There’s the wonderful quote by Mark Twain (Samuel Clemens) that rumors of his death were “exaggerations.”   I wonder if this is something that has happened to the power of the written word.  I wonder if we have come to accept the notion that life has been reduced to postings on Facebook, Pinterest, YouTube or 10-second television sound bites to the degree that the written word in the form of essays and books is irrelevant, anachronistic, the domain only of the most academicians and other “intellectuals.”  Perhaps the death of the word has been exaggerated.

Perhaps the word is only badly injured, in intense need of rehabilitation, not altogether abandoned to the landfill of history.   Perhaps it will rise like Lazarus.  Because it is the word that makes us human.  And, as much as we may admire the great apes and the infinitesimal bacteria, as much as we are ashamed of what humans have done in the name of humanity, we should also be proud of what we are:  Thinking, choosing, curious beings.   Beings who can express complex and wonderful thoughts to each other.  Beings who can be moved by what we read, whose lives are affected by what we read.

There will always be diversions, ways for us not to think.  Who can blame us?   There are plenty of good reasons not to think, not to dig beneath the surface of the reality presented to us.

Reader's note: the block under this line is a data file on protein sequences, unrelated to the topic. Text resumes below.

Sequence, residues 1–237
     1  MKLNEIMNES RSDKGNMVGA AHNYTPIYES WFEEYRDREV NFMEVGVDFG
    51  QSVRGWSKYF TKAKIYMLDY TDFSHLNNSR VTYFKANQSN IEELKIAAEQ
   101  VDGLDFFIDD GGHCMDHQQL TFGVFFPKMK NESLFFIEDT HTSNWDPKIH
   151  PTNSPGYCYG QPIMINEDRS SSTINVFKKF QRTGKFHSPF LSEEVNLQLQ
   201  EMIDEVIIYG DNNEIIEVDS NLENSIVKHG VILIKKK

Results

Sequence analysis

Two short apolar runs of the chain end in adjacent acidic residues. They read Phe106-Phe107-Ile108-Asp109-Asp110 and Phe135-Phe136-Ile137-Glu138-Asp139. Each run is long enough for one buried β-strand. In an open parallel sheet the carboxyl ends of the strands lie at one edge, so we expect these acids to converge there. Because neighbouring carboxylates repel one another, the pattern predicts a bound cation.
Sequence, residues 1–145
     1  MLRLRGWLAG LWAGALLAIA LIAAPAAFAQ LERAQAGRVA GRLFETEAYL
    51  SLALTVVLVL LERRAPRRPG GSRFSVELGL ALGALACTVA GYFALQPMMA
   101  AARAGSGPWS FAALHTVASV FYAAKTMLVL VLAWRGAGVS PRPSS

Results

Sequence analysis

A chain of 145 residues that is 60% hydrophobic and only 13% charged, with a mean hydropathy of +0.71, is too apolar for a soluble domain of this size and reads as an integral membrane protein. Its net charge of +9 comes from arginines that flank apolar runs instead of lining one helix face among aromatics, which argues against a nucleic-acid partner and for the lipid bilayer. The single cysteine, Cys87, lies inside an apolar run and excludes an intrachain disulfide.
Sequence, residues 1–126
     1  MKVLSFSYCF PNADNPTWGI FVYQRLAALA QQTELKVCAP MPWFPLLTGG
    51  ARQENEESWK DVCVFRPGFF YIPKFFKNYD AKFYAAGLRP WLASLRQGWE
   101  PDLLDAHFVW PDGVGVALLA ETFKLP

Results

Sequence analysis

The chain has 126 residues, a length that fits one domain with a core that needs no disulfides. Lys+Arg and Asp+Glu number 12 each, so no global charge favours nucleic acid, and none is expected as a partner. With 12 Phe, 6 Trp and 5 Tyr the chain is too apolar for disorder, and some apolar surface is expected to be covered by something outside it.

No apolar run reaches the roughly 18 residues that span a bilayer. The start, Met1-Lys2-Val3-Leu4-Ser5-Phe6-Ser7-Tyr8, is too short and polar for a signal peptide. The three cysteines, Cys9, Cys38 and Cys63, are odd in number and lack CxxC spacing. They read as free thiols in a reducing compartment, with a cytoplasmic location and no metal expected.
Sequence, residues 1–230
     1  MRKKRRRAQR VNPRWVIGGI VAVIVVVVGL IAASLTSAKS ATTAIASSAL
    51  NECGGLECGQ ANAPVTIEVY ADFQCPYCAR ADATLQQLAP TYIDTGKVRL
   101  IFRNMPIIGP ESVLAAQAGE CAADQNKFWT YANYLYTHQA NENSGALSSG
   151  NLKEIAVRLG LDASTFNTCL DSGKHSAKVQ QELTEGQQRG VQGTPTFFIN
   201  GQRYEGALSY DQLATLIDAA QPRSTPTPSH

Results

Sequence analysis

But there will always people who do think, who have not given up, who have not stopped trying to figure out how to make better sense out of this world.

I guess that’s why I write.  And why I read.

 

Adding some oddball stuff…

Seems time to add some new things:

I’ve decided to add a couple pieces of “writing” that differ from the rest of my blook in that they make no attempt whatsoever to unravel the mysteries and frustrations of the so-called “real” world.

First, “Imaginary-world Game Notes”: I’m a big fan of a kind of computer game that’s rarely played these days: Imaginary-world puzzle games. The starting point for all these games is Myst. Video games seem to be almost exclusively of the shoot-em-up and blow-em-up these days, not worlds one can wander through at one’s own pace, trying to solve a visual (and occasionally auditory) puzzle. When these games first came out, I’m sure lots of folks solved them as a sort of “community,” sharing what they found out. I’ve worked on them on my own, resorting to on-line hints only when desperate. Few people apparently play these games very much, though I think Myst was a decent “hit” on the iPhone a couple years back. That’s where I found it. I’ve looked for ways to play games like this on the Mac and found that Myst, Myst II (Riven), and Myst III (Exile) can be made to work relatively easily on a Mac. I also found a fascinating game called Alida.